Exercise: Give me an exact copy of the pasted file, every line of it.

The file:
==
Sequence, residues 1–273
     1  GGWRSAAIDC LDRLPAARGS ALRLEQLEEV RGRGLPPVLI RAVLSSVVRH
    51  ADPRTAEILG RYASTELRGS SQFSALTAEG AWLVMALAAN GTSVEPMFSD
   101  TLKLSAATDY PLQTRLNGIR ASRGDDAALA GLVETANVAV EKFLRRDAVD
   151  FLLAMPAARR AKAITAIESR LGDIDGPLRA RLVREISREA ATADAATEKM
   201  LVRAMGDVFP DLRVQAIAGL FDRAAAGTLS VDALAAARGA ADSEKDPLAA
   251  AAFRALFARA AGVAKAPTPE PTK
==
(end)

Sequence, residues 1–273
     1  GGWRSAAIDC LDRLPAARGS ALRLEQLEEV RGRGLPPVLI RAVLSSVVRH
    51  ADPRTAEILG RYASTELRGS SQFSALTAEG AWLVMALAAN GTSVEPMFSD
   101  TLKLSAATDY PLQTRLNGIR ASRGDDAALA GLVETANVAV EKFLRRDAVD
   151  FLLAMPAARR AKAITAIESR LGDIDGPLRA RLVREISREA ATADAATEKM
   201  LVRAMGDVFP DLRVQAIAGL FDRAAAGTLS VDALAAARGA ADSEKDPLAA
   251  AAFRALFARA AGVAKAPTPE PTK